Sterling Daily Gazette from Sterling, Illinois on October 16, 1889 · Page 2
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Sterling Daily Gazette from Sterling, Illinois · Page 2

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Sterling, Illinois
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Wednesday, October 16, 1889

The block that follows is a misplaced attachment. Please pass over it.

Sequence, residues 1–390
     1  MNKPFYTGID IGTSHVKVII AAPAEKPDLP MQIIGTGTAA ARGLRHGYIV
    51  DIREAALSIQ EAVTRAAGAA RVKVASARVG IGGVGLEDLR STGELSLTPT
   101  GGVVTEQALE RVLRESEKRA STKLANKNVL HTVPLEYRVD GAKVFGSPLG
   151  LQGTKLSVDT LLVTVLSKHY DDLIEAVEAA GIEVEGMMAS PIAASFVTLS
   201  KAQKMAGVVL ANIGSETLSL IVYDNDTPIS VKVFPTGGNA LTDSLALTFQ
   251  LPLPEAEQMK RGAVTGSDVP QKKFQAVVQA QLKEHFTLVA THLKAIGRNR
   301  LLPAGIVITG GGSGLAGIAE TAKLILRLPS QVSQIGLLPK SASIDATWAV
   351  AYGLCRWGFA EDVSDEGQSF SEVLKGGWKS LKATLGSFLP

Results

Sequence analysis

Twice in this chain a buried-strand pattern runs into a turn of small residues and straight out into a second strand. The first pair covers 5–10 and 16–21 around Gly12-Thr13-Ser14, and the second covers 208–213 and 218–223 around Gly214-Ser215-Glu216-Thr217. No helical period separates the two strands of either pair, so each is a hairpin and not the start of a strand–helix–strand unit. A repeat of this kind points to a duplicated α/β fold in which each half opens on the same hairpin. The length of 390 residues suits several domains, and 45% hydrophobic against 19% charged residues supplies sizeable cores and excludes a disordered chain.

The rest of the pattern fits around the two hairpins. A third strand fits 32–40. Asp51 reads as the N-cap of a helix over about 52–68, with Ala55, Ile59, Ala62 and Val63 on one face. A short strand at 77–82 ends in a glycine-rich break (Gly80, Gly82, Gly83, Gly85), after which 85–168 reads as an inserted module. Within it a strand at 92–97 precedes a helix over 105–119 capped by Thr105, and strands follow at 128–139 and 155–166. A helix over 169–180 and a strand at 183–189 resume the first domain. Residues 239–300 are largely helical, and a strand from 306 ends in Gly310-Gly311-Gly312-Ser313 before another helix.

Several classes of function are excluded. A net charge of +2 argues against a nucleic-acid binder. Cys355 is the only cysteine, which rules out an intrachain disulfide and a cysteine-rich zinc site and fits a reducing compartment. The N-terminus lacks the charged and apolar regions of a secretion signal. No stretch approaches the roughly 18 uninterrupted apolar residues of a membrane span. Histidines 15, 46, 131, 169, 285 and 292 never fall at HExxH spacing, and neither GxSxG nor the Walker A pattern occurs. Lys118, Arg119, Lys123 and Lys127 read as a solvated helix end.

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THE Gazette. 0. S H. I* JOHN', rubll«sers and Proprietors. TSBSSB ( ..l» eta.) D BT O&EW5W. IAW AND TRAFFIC. New York Elevator Men Beaten in Court. Rtisml it ft' ?«te!5M M l«n«. THw copper trust collapsed last spring; lb« Liverpool cotton trust has followed rait. Given rope and time and the greatest trust will destroy Itself at Ir.st, apparently. The two most nourishing organizations of this kind in America are now the cotton seed oil trust and the *njrar trust. ^ The American Economist, high tarifl, thinks it is probably true that the day for the manufacture of the lower grades of Iron work in the eastern states has passed. These have already gone to the south and west, in The Economist's judgment, so that even free iron ore, coal and coke will not save them to the eastern states. TEE LAW HELD CONSTITimOHAL, And th« CnmplnlnniiU Jl«ferr«<l to tho Polls for n*H«f— An Enterprl«ln£ D»- troitor D<!<5lar«Mi » BlnckniU «« DnlHth— •Want" I'ay for Those LoU— Hno«I«r Clt- U«u. StrlUo A^tn'f "r.MM" O.r- o- Str«iet Railway*— Donl» oT Syndicates. NEW YonK, Oct. 10.— TlmcoiisUtutio-.iality Sir Edwin Arnold said he admired tremendously the vivacity, push and dash of American newspapers, and be thought they would bo about perfect if they were more serious and dignified. Hut if they were more serious and dignified they would not have their "vivacity, punb and dash." They would be us dull, in Bhort, as London newspapers. A Frenchman, Monsieur Him, writes to prove that what seems, empty space In the universe is not filled with ponder- able matter, even in the shape of the thinnest gas. If it were so, then, so rapidly do the planets move, that the ac cumulation of ponderable matter in their forward path would knock them all out of time, caiiso them to wobble in their orbits and strip them of their at mosphere if, like the earth, they had ono. ' A Clear Head. It is worthy of note that the two prin cipal labor leaders in Europe and America—Burns in England and Powderly in the United States—are advocates of .teetotalism.' Burns neither drinks nor smokes. He is a member of the London of \>.e grain elevator law d.-c'slon from tho court of down »t Albany yestor.i.iy. Tho law flxw the maximum rate "forclevatirtR, weighing;, and discharging Brain," at ,\'of a crmt per busha!, and pi-ovMes that "in tbo proress of handling grain by means of floating or stationary els- rators, tho Inko vessels or propellers, the ocean vessels or stoamaliips, on<l canal boats, ohall only bo required to pay the actual cost of trimming or shovelm; to tho loj of the elevator when unloading, and trimming cargo when load. " InTlten Them to the Follfc Judge AnJrowa' opinion set) forth that the main question is whether tho lo jlslation fixing tho maximum charge for elevating grain contained in the act U valid and constitutional "Thorn ia a remedy at the polls, Judge Andrews say a, "and it is an officiant remedy if the legislation is oppre3sivo and unjust The remedy by taking away the power of the legislature to act at all would be radical and complete. The division of Toot!* rn1!«T«. The [Dental Surgeons of northern Illinois, l;ogr\n their third annnn! convention in th!j city this morning. The science of dentistry has passed through a process of evolution so rapidly that what was once horrible torture in hay- Ing teeth exlrBctcd Is now a dallebtful pleasure. The old iron pincers and other crude Instruments have been forgotten and modern appliances have taken their place. It must be a pleasure, now-a-days, for people to have their teeth operated upon, for dental parlors deem to be always crowded, and BUT geons seem always prosperous. It is THE MAR On l'if> !> tnvl" ! \Vl,. .1! o-i-J . M« hi-r, . -I'vlober, .. Lard Union oponwl lilglmr; and a leading cricketer. His physical health and clear head enabled him to bear up under the fearful strain of a month's strike and. conduct a hundred thousand men to victory. One of the most distinguished journal lets in America said: not long since that when he started in his profession he be gan, as many others did, by taking fre- opinion in this and other courts is evldenca ot the difficulty which surrounds tha question, but it is ever to ba remotnbsmi that a statute must stand so long as any reasonable doubt can be indulged in favor ot its constl tutionality." Surprise on the Produce E*c!v»nite. Much surprise was manifested on the produce exchange hero when the decision bo- came known. "It is an attack upon the rights of private citizens such as has never been sanctioned before by any law carried up to the court of appeals," said H. T. Knae- land, chairman of tho committed on grain of tbe exchange. "They nay, in .fact, 'you private owners are common carriers, ferrymen, ferrying this grain from one craft to another, and you shall do the work at a specified rate, though it be nt loss than cost.' It seems to me It woul.l be eqaally as con- stutiona! for the legislature to pass a law that a public truckman should take flour and cart it to a store at 1>^ cents a barrel for cartago when it coats mora than cents to cart it." The case will probably be carried to tn» United States supreme court. OECLAREO'A BLOCKADE. Detroit Citizen String n Bope Aorow the Duluth Cani>l. DUMTH, Minn.. Oct. 10.— Daring Monday night men in the employ of Copt William Booing, ft wpiil'.liy" guiitlsiunii o£ Detroit, itruii'* a ropean iueh thick aero:*) tli3 canal connecting Lake Superior with Duluth harbor. This was done in accordance with a notification served on all vessels paasin through the Sault to the effect that he pos- tissod a certain lot in the canal and would hinder vessels from passing until ho has obtained money for his lot The police were on hand early yesterday and cut tbe rope. It was stretched across again and broken by orjm Hff LUIIIIV- UvlltlD uiu* *Jj K»I»»"»Q ».— * ^ wQg sweiuuou «**-• u&a ugu»»» »u« „-•*, — ...- — j auent alcoholic drinks and ale and beer I the steamer Winslow, of. the Lake Superior ^ . I T,»r,nif i-nmnnnir It WBX DUt UD BCam and with hia luncheon. "I had laid out a e reat deal • of work for myself in my life," lie said. "I soon .found that if I accomplished it I must give up this drinking, and I did so. The other boys, those who started with me, and kept up the drinking habit, are now nearly all deiiJ or broken down." * This is tho testimony of one who, though middle aged, probably can still do more writing in an hour and stick to It more hours' than any other journalist living. . It is indeed the universal testimony that he who rises from the ranks, whether in a trade or profession, is the man who'keopa his head clear and his nerves steady and strong by temperance. If at the same time lie can manage to keep a gunny trniin-r.. his chances for success. are doubled. An International Episode. It was nothing less than an outrage, the indignity p'ut upon a highly respect" able American family man by Bismarck's burly minions in Germany. Mr. Howard Douglas, of Cincinnati, is one of tin- milik-st mannered of men. He has txi-n president of the Cincinnati board of education for several terms. ' Thus it «ill l>e s«>n that he was permeated through and through with respectability. In all the queer thingsthat have b(vn. done in Cincinnati and else- —•wherp-iirt(instate of--Ohio.-Mr.- Douglas had no Imnd. Uo is a uiau of peace. This summer he made the tour of Europe with his wife. HU face ought to have insured his safety anywhere, for Mr. Douglas is a very good looking man Besides, lie had a letter from Secretary Blaine. But in (Germany this first class citizen was not saved by all these favorable circumstances. Nothing saved him. He was arrested as a Nihilist and thrown into a biustile. tie Ixad in his trunk a parcel containing asthma medicine. /The German minions pounced upon this as an eagle 8»voo]« upon a lamb in the old •chool readers. They felt it. they emelt It Dynamite! The perspiration stood la drops on their Teutonic brows, and their Teutonic hair si jod on end. Tremblingly they hurried the American school board president before their superior. He showed hia letters, he begged and explained in the choicest Cincinnati vernacular. No go. At least, it was not for a good while. The luckless asthma medicine so a chemist sent must be, and itself officially analyzed let be must, the German Interpreter told Mr. Douglas. A powerful guard with outstanding eyea was then stationed around tha respectable American. Not till his asthrna raediciue was boiled, bubbled, burnt, «4*«ped, precipitated and winnowed by a group of spectacled Ueruian chouiista waa he allowed to go. German men of itctaaos do uot hurry. But this is not the last of tho outrages to which he waa subjected. In Etsigium ilia ciwtottis officials arresttd hia dress #ott luid confiscated it. Whuthor thera ia twytbiisg atiiSpiaious is she appearance of « ilrrtw suit iu.»du in timumatt thti Liia ti,.> iij* say Es »i i' r< llu u . Uri! H f^ia-i *. J^-uui' v ,U ^ i u" ti Transit company. It was put up again and oat down by the crew of the tug Spirit •Will Take .It to the Courts. That was all that was done by Mr. Boeing's men. He hnd found defendants. Mr. Boeing arrived last uigUt, anil said that ho would proceed against the city of Duluth and the Lake Superior Transit company in the United States court at Bt. Paul. About a year ago he bought fourteen, lots, which extended across tho canal. These lots have been in a number of hands since the canal was built in 1872. The city has purchased all of the lots in the canal except these, In order to perfect title and present the canal to the government. Mr. Boeing a short time ago demanded ( 100,000 from the city for thesa fourteen lots, but no answer was made, and it was considered that his title to the property had been lost by the statute of limitation. ' FIGHTING " BOB-TAIL" CARS. Indlanltpoll* People Ilefuna to Put Their Nickel* In the Slot. IHDIAHAPOJ.IS, Oc-t lb.—An interesting fight ia in progress here between tho citizens and the sti-eet car company over tbe case of u bob-taiP car* The ordinance requires that tho company shall use platform cars and employ conductors, and the company compile I with the law except in a few Instances. With tha approach of cold weather, however, tho summer cars were taken off and tho "bob-tails" substituted. Patrons of tbe linos havj now refused to put their nickels in tho I ox, and everybody but timid women and children ride free. Tho drivers endeavor to compel passengers to pay, but tha lattor refuse to do so. Yesterday a driver atoppod his car and refused to proceed till four gentlemen had paid their [aros,_ _Tuer _ refused _to_pay,__ all d, after hnn.ied difficult for many of them to leare their offices, yet there is a gocdly attendance at the meeting here. A reporter visited A. O. U. VV. hall, where the convention ia held t and saw thirty or forty One looking gentlemen listening to a discussion of subjects relative to the pro fession. The Northern Illinois Dental Society is two years old and contains about sixty members, one-half of whom are here. The opening session began at 10 o'clock this morning, with Dr. W. U. Taggart t of Freeport, In the cbnir. The other officers present are vice president M. L. Ilaiiaford. of Rock Island; Secretary Bectwith, of Sterling; Dr. G. W. Dennis, of LaSalle, chairman of the executive committee; Dr. C. P. Dorn, of Naperville, chairman of commltte on appliances. President Taggart delivered a One opening address, after which the convention got down to business. Tbe following new members were elected: C. Kei.dig, Naperville; U. B. Treat, Polo; 0. H. Verbeck, Lena; E. J. Perry, Chicago; also the following honorary members: O. G. Bennett, Janesville, Wis.; Dr. Mullett and R. S. Rathburn, Clinton. Iowa. Dr. McCausey.of Janesville, read a paper on "Necrosi9,"|Wbich was discussed by those present. The afternoon session was called to order at 2 o'clock. Dr. McCausey, showed with a microsope embryological slides, showing the developement of tooth structure-enamel, dentine.and and the process by which the jaws be come calcifled. Dr. Stone, of Klgin gave a clinic, "Gold Crown-" Other subjects discussed ware: "Operation of Implantation," Dr. Ottofy, Chicago Trosthetlcs," Dr. Haskell, Chicago and "Gold and Platinum Filling" by Dr. Noyes, of Chicago. Among the dental surgeons presen at the meeting, _be8ideflL..the_o(Ikers mentioned, are the following: J- W Corman, Mt. Carroll; A E Kennedy, Morrison; GB Dillon, EV H Alexander, Sterling; W 0 Bunker, Oregon; C W Cox, Batavia; Edward Noyes, Chicago; D J Pollock, Rock Falls; Lewis Ottofy, Chicago; H E Wade, Polo; E R Warner, Morrison; E H Allen, Freeport; A N Stone. Elgin; O H Smith, Sycamore; A B Elmer, Rochelle; M R Harner, Rockford; F C Gill, Rockford; C B Helm, Rockford; G L Boyington, Marengo; G H McCausey .Janesville; L F Haakell, Chicago. L —A. G. Leonard & Co., of Chicago, will build an extensive shoe factory at DeKalb. The business men- contributed $20,000 as a bonus to secure the location.—Ex: •There are no myths about the fa- .,) , .lanuary. or-iK-l W: clnn,.,l,.S''.:_-.'".,. --OrloliiT, npi-ncd nml cl<»i'? f!''.H'. I.ivo Btwk- Vollowlnu wrru thu stork yards prlco«: HIIKI---: Miirki-t active <u«l tlrni. with prices '"'>.\*i lluhtcra.li.". 51.1 ''-I I. '": ronish imcUln-.-, !--.•> (TMUV mlxod loti. Sl.iC>;(t.r,>; llivivy i.nrkiiv,' an.1 MiippliiR lots, $* li^.-t.*). .<Mttl.--Mi.r- kot Bli-a.ly: lirttlvob.-cvos, ]>.x,r to fair, ? U*) (KiT.V poiKl to choice, «J.!»ir, |.»v. c-ows. *!..» ft."'7.V -tookrrs nnd .M-.lcrs.S-M'"'".-.''-'. **"^V —Weak: n.iiivi-B. yurnt.T'': woM-rns, S-UW ft4 It: Tcxnna, J ;.!>«:•; 1 . 1 .">; Inm'is. «4.:N..t.,.ori. 'Produce- Bllttcr-Flil.ry Kitfin crcninnr }', 21 ai'* :>-r lt>: best <l:i!ry. ai7,-. w -'o: parklnir stock, TMy.-f,'*'.-.!; E K i,-a-StrU:tly frcsli. IR'^l" per do'/!; Iro lions,-, \\&lV<,c. Poultry-Llv^ IIOM Scpcr Ih: roosters. 5p; turkoya. We: dnccs,^:i B^c: (JCPSP, ?!).(> 1 5H.JO per doz. Potaton^— ~HO iWc p.-r l>u on truck; sweet potatoes, Jl.7r.3S.Ui per bbl. Applos-Qood to fanoy. Sl.*>Sa.W per hbl. Cranborrie9-$9.W3.S.:*l per bbl. Now York. NEW YonK. Oct. 15. Wheat— No. - red winter rash, W?{o; d November. Ki»<ic; do December, Wife. Corn —No a miioil caali, 4"c;: .lo November, *0c do Octobor, 41c. Onts-Uull; No. 2 mixed caahf SSi^azSMc; ,lo October. Z'Mc; do November, ffii-Jlc. Hye-N'omlnal. Barley- Nominal. Pork -Dull; m.is», $1-'. r<ftl '.W for Inspected. Lard-Dull: November. iH.Ji); December. Sfl.SS. , Live Stock: 'Cattle— No trading In breves: WresBo I beef, dull; native slde§, KWVin per lb- Texas snd Co'oralo do, «i5>jic. Sheep and Lambs-Firmer fueling, but limited bunl- • noss; ehoc-p, -t<?t.V4e per lb: lambs. Hois— Bettor demand; llv» lions, JI JOS. Blllll i CO., 1 JBY MILWAUKEE BEER. 'Select" "Export" "Jlohcmian" and "Latter Beer." (Moo tho "Best" Tonic extract of malt and hops) WAUKEGAN ALE AND PORTER, In kegs and cases. Opposite 0. R, & CJ. Depot, Locust 1 Street. Our ''Dress Goods Sale for th '€has DR, A. W. BAEK. OFFICE OVEK Oetiing&r's Clothing Store. Female and Children's DUoanefl n Kpeelalty. si-mi Excellent Work at Reasonable Prices. 'THE STERLING GAZETTI and we shall continue at the same prices * * Underwear for Gent's, at 23c, worth 40c. Underwear for Children, at 8c, worth 15c. 8 G53XSTS YAXRXJ. OCT MATINEE AND NIGHT F. E. CRSSWOLD'S Yfls. of Aierici IP at 6£ cts. per yard. • Children's Wool Hose at lOc a pair. Men's Wool Hose 80. a Pur. K«»ffi^ New York City to BanFranclsco. carrying -A. Carload of Scenery. A. Carload of Baj -age. Over 30 3?eople. 1.8 in the Band. rt"^ A A A Will be placed on exhibition Immediately after the arrival at (1 J Aim theOa.hBtoM,Bi 1K a ffi t K totjewlUg|ve B ltonnej l!JL_™--..™-~-~ 13 weeks in London, _ 9 weeks in Paris, 1 year in Australia, WK AKK THS ODDEST! WJB ABB THE RICHEST 1 n*ih HtOTP US & CUUnvUMiO tuub YV« nn» u» i« •*«« .... ceotflils great play ever |sren In this city; also that w° remind money t» any person not satisfied that we liftva ifl finest V T. (!. t». In the world. Money Talks! We ' 5 weeks in Edinfourg, 3 years in Enrop_e, 26 years iu America. WK AKK bAKtiEST! WE ARE TUB BK8T 1 OVERCOATS at a great sacrifice. |^ A.JU" • MM.MH J»«-»Vi- -.—- — — - . _. Worth Ono Dollar tor Fifty CenlB. ,.,.,. ,.n ,r/>rr REMEMBER OUR DATE! OUR SHOW WILL PLEAbL YOU. Reserved S eaipricef^5 and 50 cents. . Admission, 85 and GO cents Children, 25 cents. Matinee prices, 15, S5 and 35 cents. Standing room only, at all our performances. Come early. Geat's Yonlli's / OOO Fa]1 Derb y Ilat8 ftt ^ L35 a P iecc - Caps, ,000 NEW YQRK STORE, ' Snd Door Soiith of I"oe»t OlHce. I Am Afterioar Trade! AND IF waiting awhile, the other passengers foroad~ tbe driver to proceed, declaring that they would put him off the car if he did not drive on, . Maw York Still In Semi-Gloom. NSW YOBK, O-t. 16.—Argument was begun yesterday on the application by the Electric light company for a permanent injunction on ths mayor in the matter of Interfering with their wires. The case was not finished, and in the meantime the companies will keep thu current shut oil on all circuits. Tbe city was dark again last night, but a few gus lamps had been brought into uu and tho weather waa claar, BO that wayfarer* were not so unpleasantly situated. Th«t Insatiable EugtUh Syndicate. INDIANAPOLIS, Oct. 10.—The three breweries of this oity—Schmidt's, Bieber's, and the Maua' establishment—were sold yesterday, it is believed, to an English syndioaU, whose agenU aro here. The conaidoratlon i* unknown. WATEBTOWN, Wis., Got to.—The A. Puorman Brewing company has disposed of ita brewery hero to tha English brewery iyndi«at«, the consideration being $500,000, Got • Monopoly In Street Kall<r»jr«= OHiHA, Neb.. O*U 18.— The Omaha Street Railway company yeaterJay purchased tha entire system of the Omaha Motor'company. Tbe price pa'J was $o,WO,CX)0. This glv«« tha consoliiiated company n monopoly of th» businoss in O.'uoha, nml the • psrution of •eventy-fiva mik-a at road robbiTs capture.1 tue village of Bellevne, near Omaha, Monday night, aud robbed half a d. ron stoivs, in lulgina in umny pl.-nsantricti at th" exjwmo of their victims as tli -v rn-rr^l "IT ni"i'- "^-lu WEST SHORE, a handsome weekly periodical published at Portland, Or&- gon, comes to ua tills wesk wltlj a hmndaome supplement lllustratlcg the Oratxl Canyoa of Mount Hood, Thi» p»p«r is showing toenatural r«wur«« o* ths gre&l Korlbwwt in a iB«nner th&t cat.nut fttU to psoduee gtgaiusc r*- *i.iSw Ui the ft*»r ?ntu«. PabluhiHl by L vorabllity of Sterling's location fora great industrial city, a wonderfully healthy city, and for a delightfully luxurious city. It is unnecessary to here recount the advantages of cheap and excellent fuel, vast water power, rail v ways, centrality, "expansive suburbs easy to utilize, etc. They are facts which should be established far and near. The superiority of our site for a city of beauty and elegance in apparent to ail who loot it over. Sterling is bound to grow and will grow. Dull times have apparently passed away and are being succeeded by a spirit of renewed public confidence in the stability of the resources of our city. Foreign capital is coming iu here, factories are being enlarged and new ones are to be built, big improvements are going on, and wise men predict that this is but the cojnmencement of the glorious future which awaits our city, which is destined to be the Lowell of the Rock rlvervalleyy-and of- tbe west.— uoacn or jsx-Uuiigresuiiau MuHlnf. ^ OSWTWO, N. Y., Out 10.—Hon. Newton W. Nutting, who on Saturday last resigned his seat in congress that his successor might be elected at .the coming general election, and that the Twenty-seventh district might hot be without a representative in congress, died last evening, agod 41) years, of cancer ot Uie jaw. • SulU Agulmt the Book Island. CHICAGO, Sept. 10.—Tha Rock Island road was made defendant yesterday in two suite of $17,000 each, brought by Gottlieb Klein and Anton Kowalskl. The plaintiffs ware victims of the Washington Heights wreck and tbe suits are for pwsonol injurlei sustained by them. The Weather We May KxpenU WASHINGTON CITY, Oct. 18.—The followln • are the weather indications for the thirty«ii hour* from 8 p. m, yesterday: For Iowa- Light rain followed Wednesday by fair weather: utatlonary temperature; variable wind*. For Indluna and Illinois—Fair wealth er, slightly warmer; variable winds. For Michigan and Wisconsin—Fair weather, followed in Ujiper Michigan and Wisconsin by light rain; warmer; southerly winds. LOW PRICES ... ."... AND ........: . GOOD GOODS mean anything, I am sure of It. Well done with good materials for Harper's, Century and all other magazines and periodicals. Fine binding for works issued in parts. All kinds of blank books made to order and satisfaction guaranteed. Fine lea'her work a specialty. WM. BOEHNER, GAZETTE Ofllce PER LINE. ARE YOR READINO Small Adi In the Kvenlng Valunblo Information to Hoarding Hondo Kccpern. Do you want boarders V If you do you can easily secure ihem by putting a "want" In the, EVENING GAZETTE. It will cost you but 10 cents for 3 lines. WALL PAPER BARGAINS. &NTELS I AM »Fi*l,IN« MOKK «OO1>» VOW. THE SAMK AMOTDWT OK MOW- KY THAN AMY HOUSE IN STERLING. - A look through my stock will convince you of of this fact. I am not giving away. goods, buk do know that My Prices are Lower than others that Advertise Low Prices. Pure Sugars and Syrups at rock^ "bottom prices. Choice Coffees, Teas, and Unadulterated Spices. TILE FLOORS AND FIRE PLACE GOODS AT MooKii.vrr. rriiCKS. — — — —We i-nrry «lio Inrgeat and mo»t coniFlil'.Tli Block and artlttilc and BUST in ' ' We shall be plenscd to correspond with Intend- Inn purchaser* or Invite Inspection of our complete Btook. Wo art manufacturers.- G.J.Lleyer&SonsGo. Remnants as"'Low as 3 cts. a roll. White Blanks as low as 6 cts. Nice Cilt Papers at 10 cts. Ingrains 80 to 20 cts. Verv handsome Gilt Papers 16 to 25 cts. Borders equally cheap. These prices only to make room for new AT STRICKLER'S. Children's Cloaks with Gape $1.00. ' Caiiw Harliu. CaiuS llarius, a Roman general ami emperor of B. C..157. while not a man of gigantic stature, was, nevertheless, possessed of muscles fully developed and bard as iron, lie was born of an obscure family and often performed extraordinary feats of bodily strength l*foro becoming the rulw of iia empire. Ilia favorite trick was that of having his feet maJo fii-st to a trw with chains and ropes and then holding tho uxlo of u cart in spite of tlio combined strength of two heavy horsva. Ou other oceioions he would lie Hut on hi» back with a heavy Utulx-r across hi* t-htwt iuid allaw hurw.'» to U) K-ii (he full length-of tho bum Tr. HUl.s-. iVMu> ulls i-f llm, <*n.i ho tS U'M-illv 11 - lUil •»•• ' •' t-.U«H,-U f jf u.i- 'i »ui J. i i t. i '«'» "i ' .» I'l >'• >y. Plug Tobacco 30 to 50c per lb. Fine Cat and Smoking at lower prices than you have ever bought at before. Fine Cut£Chewing at 35 to 50c per pound. The Old Time Fine Out at 50c, that others are selling at 65 to 75 cts. for no better. I have the exclusive sale of this tobacco in Sterling. The Beat Combination Coffees at 30 and 35 cts. per lb. Cheaper grades in stock. Make no mistakes In buying FLOUR! I am selling toe best that Is sold Iu Sterling st $l80to»1.4o. A Bood second grade flour at ti.oo per Hack. Winter Wheat Pateat at (LIB per sack. Don't Day *1 W to $1.80 for so called Fancy ,5'»t- eut when you can get the same tt SIM Good Japan Tea at 30c per pound. A FOOT Wheel Express Wagon *i»«u a*w with one jsooacl BiStUis i"isw<isr. A > J»d i*aae»r ortth ou«s We can save yon $5.00 on every Plush Garment. We sell none but reliable makes. WALKER'S LISTER'S AfiD SALT'S. Our Children's Scarlet Vests and Pants, at 25c, is the greatest bargain in Sterling. . Ladies' White Lawn Aprons, trimmed with 3 inch India Embroidery, only 15c- Just half price. Meu'8'cnBtomBhirtarNew f ork Mills Muslin, 2100 Linen, warranted to fit, only OOc, worth $1.00. Knotted Fringe Damask Towels, only 15c, cheap at 25c. Ladies' Cashmere Gloves, 8 button length,' embroidered back, 25c, worth 40c. Black, all silk, Satin Rhadauie, only 75c; a bargain at $1.00. wTclrr^the onTy'foH Le Sf Priestley's Silk Warp Uonriettas, Australian Caahmeros Novelties, Mourning Veils and Shawls in Sterling. A written guarantee with every pattern ot llaskell 8 bilk. Persian Shawls $5.00. Beaver Shawls only $2.50 and upwards, betulot Blankets only $•>.80. Crayon portraits, free, with every purchase of $15.00. // y.>u with t>t Xave Monty on itl* you> buy, *•'* ' a) * BV-TTOKICK'S *»#*«**,